The field of scientific publishing is not without its problems. One of the major issues in the current system of scientific publication is the peer-review process wherein, prior to publication, papers are reviewed and classified in terms of research quality and estimated engagement.
This system, unfortunately, suppresses the timely and accessible distribution of scientific research.
One of the most widely suggested solutions to this problem has been the introduction of pre-print servers through which new research could be accessed prior to official publication.
The hope of many scientific researchers is that this modernized publication system will help to rectify the issues of restricted research distribution through the scientific community.
However, the question remains of how best to introduce such a system on a widespread level.
Addressing the Issue of Distribution
Peer-review publication systems primarily impact research distribution in terms of timing. That is to say, these systems create a significant delay between the completion of a research paper and its dissemination to the public.
Usually, the pre-publication process takes about 6 months, but some research takes much longer to be made available.
Translating this system into a numeric equation can help to put it into perspective. Let us assume that a person’s career in science lasts approximately 30 years.
If roughly 50,000 pieces of biological research, for example, are published each year, with every individual paper taking 6 months to be fully peer-reviewed, this means that the pre-publication peer-review process occupies the scientific careers of around 800 individuals per year.
Logically speaking, one simply cannot claim that the amount of time spent peer-reviewing scientific work translates to an equal amount of knowledge or quality contributed to the research.
Therefore, it is fair to argue that the current peer-review system of scientific publication slows the process of scientific research more than enhances it.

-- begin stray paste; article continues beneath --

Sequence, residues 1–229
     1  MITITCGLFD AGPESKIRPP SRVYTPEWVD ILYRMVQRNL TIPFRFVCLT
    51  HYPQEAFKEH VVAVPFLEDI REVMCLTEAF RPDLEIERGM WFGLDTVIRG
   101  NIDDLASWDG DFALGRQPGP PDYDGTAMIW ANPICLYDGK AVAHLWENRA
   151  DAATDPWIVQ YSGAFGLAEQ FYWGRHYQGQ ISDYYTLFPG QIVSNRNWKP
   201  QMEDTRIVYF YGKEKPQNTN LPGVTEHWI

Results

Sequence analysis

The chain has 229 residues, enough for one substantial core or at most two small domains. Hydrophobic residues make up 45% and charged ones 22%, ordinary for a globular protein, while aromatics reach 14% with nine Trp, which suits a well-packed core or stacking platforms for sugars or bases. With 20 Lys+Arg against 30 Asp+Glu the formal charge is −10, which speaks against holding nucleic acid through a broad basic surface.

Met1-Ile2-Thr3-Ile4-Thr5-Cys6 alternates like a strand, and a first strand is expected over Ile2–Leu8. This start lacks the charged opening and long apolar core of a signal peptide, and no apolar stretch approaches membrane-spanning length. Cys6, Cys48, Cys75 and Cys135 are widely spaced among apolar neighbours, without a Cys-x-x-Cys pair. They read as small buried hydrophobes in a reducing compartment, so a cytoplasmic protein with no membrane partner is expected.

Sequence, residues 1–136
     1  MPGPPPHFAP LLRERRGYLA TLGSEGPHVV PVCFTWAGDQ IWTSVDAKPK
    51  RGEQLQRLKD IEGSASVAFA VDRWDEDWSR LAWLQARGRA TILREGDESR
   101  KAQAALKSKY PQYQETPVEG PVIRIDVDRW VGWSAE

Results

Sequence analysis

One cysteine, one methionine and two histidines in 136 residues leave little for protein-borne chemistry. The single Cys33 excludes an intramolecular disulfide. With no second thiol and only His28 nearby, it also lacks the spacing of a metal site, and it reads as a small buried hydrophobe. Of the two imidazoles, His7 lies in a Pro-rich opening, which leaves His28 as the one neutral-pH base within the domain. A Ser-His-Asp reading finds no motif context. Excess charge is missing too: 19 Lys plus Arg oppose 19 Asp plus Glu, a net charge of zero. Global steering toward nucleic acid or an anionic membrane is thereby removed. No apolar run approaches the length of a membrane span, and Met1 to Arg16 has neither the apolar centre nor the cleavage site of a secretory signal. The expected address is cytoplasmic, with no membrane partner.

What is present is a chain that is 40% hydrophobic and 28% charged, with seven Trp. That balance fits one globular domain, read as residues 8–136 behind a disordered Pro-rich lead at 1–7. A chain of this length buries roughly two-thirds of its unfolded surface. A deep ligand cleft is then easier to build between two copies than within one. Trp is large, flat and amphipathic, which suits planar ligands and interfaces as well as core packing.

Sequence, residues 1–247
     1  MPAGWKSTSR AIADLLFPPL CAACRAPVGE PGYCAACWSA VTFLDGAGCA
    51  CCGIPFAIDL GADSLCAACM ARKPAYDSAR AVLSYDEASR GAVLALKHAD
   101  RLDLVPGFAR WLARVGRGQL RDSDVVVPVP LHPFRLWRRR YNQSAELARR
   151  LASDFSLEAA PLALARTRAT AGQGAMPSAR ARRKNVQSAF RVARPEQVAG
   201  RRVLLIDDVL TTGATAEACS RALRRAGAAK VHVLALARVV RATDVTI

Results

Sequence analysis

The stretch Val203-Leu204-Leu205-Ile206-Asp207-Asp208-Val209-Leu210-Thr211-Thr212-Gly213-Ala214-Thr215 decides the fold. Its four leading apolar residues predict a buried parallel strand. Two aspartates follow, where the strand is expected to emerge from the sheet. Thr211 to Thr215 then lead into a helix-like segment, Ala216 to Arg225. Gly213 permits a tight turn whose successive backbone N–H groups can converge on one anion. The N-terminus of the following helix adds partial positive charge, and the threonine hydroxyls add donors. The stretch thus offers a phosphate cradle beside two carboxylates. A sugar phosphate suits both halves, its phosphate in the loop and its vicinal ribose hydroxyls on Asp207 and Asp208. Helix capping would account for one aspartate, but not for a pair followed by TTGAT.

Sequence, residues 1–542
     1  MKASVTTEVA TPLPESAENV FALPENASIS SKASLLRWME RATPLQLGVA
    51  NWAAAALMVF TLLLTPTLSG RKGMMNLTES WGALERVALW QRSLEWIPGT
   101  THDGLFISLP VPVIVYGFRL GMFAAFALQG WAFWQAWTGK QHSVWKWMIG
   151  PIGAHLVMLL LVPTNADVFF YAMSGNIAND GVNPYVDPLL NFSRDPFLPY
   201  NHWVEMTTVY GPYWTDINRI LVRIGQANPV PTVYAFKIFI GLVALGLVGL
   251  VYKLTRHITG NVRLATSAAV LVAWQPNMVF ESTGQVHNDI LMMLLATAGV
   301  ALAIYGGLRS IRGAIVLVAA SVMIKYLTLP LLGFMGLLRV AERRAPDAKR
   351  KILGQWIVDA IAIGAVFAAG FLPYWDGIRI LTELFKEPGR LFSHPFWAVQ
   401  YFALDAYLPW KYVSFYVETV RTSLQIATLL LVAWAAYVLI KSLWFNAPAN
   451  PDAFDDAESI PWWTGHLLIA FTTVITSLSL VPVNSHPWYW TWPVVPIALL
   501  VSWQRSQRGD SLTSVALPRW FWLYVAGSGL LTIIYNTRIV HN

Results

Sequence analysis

Moreover, most scientific researchers are unlikely to hold a paper’s peer-reviewed status in high regard, owing to the fact that they themselves are, for all intents and purposes, peers.
It is also worth considering whether or not the views of a few anonymous reviewers should, in the first place, constitute a comprehensive and trustworthy evaluation of the quality of a research paper.
An experienced researcher is unlikely to be swayed in their assessment of a paper by the fact that 3 unnamed reviewers did or did not approve of its content.
Bearing all of this in mind, a system whereby papers can be made available to the scientific community at the discretion of their authors seems the most logical solution. Such systems have already been adopted in the fields of mathematics, economics, and physics, with largely positive results.
Several researchers in the field of genetics have also argued for the merits of pre-print publication servers. These researchers include Leonid Kruglyak, Titus Brown, and Graham Coop, amongst other respected names in the field.
The approach most often suggested is an amalgamation of the existing peer-review system with the use of pre-print servers. This system would mean that new research can be made immediately available to the community and, at the same time, be subject to peer-reviewed quality control.
The vast majority of scientific research journals, excepting Genome Research, seem to endorse this proposition. The bottom line is that there really is no logical disadvantage to introducing pre-print publication servers into the existing system of publication.
The system would remain largely unchanged except that researchers would be granted the autonomy to review the quality of recent research for themselves within more reasonable time frames.
It is important to remember that the issue of distribution is not the only problem in the peer-reviewed scientific publishing industry as it stands today.
For example, serious consideration needs to be given to the ability of a limited number of reviewers, for whom the content of a paper may or may not be related to their specialty subject, to evaluate the merit of a given piece of research.
It should also be noted that the proposition outlined in this article is not the only potential solution to these issues. Hopefully, however, the introduction of pre-publication servers will constitute a valuable initial step towards a modernized system of scientific publication.